Juniper Looks to Increase Asian Presence
Juniper Networks (NAS: JNPR) is ready to do some holiday shopping in spite of its net income dropping 38% in the third quarter over the same period a year ago. CEO Kevin Johnson attended a technology conference in Hong Kong on Monday where he told a reporter, "If there are interesting opportunities that have strategic alignment with what we are doing and make economic sense, we're very open to M&A [mergers and acquisitions] and companies in Asia."
Echoing what he said in Juniper's conference call last week, Johnson added that he is very interested in companies that can enhance Juniper's broader market opportunity in "... the two key trends of mobile Internet and cloud computing."
Johnson pointed out that with Asia contributing one-fifth of Juniper's revenues, that market is becoming more critical to the company's potential. "We continue to see Asia growing faster than other regions," he said.
The company has been on somewhat of an acquisition binge, buying five software firms in 2010. Those included a mobile device security software developer, two companies that produce streaming content delivery software, a maker of security software for virtual servers, and a provider of wireless LAN management software.
Juniper knows it can't stand still in the highly competitive network infrastructure marketplace. Its biggest rival is Cisco (NAS: CSCO) , which is pounding away at it in the hotly contested data-center fabric market. (This is the new and complex data center parallel switching technology that is becoming an important component for cloud computing.) Other competitors for this market are Brocade (NAS: BRCD) , and Hewlett-Packard (NYS: HPQ) .
Juniper is also competing against Alcatel-Lucent (NYS: ALU) and ADTRAN (NAS: ADTN) -- as well as Cisco and HP -- for sales of traditional network switching and routing hardware, and the systems which manage them, to telecoms and other service providers.
So, in spite of Juniper's earnings disappointment, the company can't afford to skimp on its research and development budget. One billion dollars is the figure Johnson said the company would spend this year on R&D. That will come out of the $3.1 billion it has on hand in the form of cash and investments. That should leave enough for some judicious company shopping.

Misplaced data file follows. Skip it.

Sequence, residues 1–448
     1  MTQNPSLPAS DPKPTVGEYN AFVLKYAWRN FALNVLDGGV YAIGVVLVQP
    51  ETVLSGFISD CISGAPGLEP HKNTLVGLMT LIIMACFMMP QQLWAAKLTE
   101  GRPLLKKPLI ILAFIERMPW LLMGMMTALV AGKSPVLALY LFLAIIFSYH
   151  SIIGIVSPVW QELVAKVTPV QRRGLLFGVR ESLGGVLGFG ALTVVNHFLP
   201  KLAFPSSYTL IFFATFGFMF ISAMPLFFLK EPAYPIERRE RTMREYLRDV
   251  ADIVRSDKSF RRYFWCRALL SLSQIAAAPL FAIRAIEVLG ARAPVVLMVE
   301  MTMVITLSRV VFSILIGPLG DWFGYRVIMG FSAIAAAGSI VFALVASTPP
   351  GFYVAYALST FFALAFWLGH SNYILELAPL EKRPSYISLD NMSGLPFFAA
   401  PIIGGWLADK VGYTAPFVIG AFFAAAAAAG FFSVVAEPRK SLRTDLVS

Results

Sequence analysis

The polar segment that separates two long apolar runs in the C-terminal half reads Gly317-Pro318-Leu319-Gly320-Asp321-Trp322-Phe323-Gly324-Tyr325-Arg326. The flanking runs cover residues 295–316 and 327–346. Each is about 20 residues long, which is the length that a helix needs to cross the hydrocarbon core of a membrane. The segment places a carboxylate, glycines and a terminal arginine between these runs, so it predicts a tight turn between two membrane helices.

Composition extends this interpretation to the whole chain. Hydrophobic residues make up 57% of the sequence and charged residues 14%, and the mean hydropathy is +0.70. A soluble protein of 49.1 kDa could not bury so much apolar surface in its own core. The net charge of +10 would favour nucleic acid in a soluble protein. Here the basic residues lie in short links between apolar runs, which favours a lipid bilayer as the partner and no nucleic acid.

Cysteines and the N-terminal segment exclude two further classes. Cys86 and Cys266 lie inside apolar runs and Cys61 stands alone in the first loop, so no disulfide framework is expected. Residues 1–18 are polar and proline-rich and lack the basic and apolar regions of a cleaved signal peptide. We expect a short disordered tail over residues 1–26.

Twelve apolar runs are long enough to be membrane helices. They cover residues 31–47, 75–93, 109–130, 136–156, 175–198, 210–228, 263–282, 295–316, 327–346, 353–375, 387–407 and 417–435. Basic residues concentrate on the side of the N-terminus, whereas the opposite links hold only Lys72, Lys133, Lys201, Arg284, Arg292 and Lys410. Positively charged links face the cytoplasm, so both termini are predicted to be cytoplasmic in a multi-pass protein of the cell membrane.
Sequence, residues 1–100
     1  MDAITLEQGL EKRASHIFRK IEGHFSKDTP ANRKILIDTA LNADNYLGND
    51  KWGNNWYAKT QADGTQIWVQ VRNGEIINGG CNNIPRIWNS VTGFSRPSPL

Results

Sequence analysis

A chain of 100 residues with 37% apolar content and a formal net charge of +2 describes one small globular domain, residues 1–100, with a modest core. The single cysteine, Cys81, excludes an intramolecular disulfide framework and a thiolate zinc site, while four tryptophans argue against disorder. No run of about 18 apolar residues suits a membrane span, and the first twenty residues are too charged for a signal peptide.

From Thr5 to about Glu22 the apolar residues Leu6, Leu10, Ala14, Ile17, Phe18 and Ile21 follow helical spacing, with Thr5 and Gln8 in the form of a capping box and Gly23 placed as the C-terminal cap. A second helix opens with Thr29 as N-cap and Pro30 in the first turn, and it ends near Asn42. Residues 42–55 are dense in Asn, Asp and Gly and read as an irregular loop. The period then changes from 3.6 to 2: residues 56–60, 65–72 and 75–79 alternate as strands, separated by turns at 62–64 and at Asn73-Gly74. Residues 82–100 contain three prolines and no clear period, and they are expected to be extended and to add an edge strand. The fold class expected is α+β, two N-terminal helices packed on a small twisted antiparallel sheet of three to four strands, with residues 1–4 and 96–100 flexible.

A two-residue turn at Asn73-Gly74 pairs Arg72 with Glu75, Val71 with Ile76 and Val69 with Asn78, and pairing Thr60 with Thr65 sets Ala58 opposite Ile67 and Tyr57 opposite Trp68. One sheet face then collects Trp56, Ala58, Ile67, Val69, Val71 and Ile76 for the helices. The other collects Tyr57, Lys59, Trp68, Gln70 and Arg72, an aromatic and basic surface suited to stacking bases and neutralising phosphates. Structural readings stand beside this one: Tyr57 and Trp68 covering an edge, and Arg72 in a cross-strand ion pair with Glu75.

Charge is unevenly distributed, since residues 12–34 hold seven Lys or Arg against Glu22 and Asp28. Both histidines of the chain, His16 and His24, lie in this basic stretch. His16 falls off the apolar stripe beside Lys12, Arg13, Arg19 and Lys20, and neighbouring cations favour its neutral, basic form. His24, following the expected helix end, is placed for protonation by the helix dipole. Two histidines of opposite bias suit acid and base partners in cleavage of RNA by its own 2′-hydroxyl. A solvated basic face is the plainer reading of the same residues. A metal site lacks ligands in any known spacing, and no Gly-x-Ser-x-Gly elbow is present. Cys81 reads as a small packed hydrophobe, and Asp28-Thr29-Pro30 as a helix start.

It's probably a good thing it doesn't have too much cash on hand. It might be tempted into buying something as far off the radar as, say, what Cisco bought with the $500 million burning a hole in its pocket. I'm talking about the Flip camcorder. I'm just saying.
Meanwhile, back to earnings ...
During last week's earnings conference call, Johnson attributed Juniper's failings to the challenging macroeconomic environment, which made customers more careful with their capital expenditures. And in Hong Kong, he warned that macroeconomic conditions are probably not going to get any better by the end of the year, likely becoming worse than they were in the fourth quarter of 2010.
But macroeconomic threats -- balance of trade issues, currency fluctuations, sovereign debt crises, etc. -- may endure less than the more permanent threats of stiff competition from Juniper's rivals and the speed at which technologies change. Therefore, the hunt for that techno-edge just can't stop.
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At the time this article was published Fool contributorDan Radovskyowns shares of ADTRAN. The Motley Fool owns shares of Cisco Systems.Motley Fool newsletter serviceshave recommended buying shares of Cisco Systems. Try any of our Foolish newsletter servicesfree for 30 days. We Fools may not all hold the same opinions, but we all believe thatconsidering a diverse range of insightsmakes us better investors. The Motley Fool has adisclosure policy.
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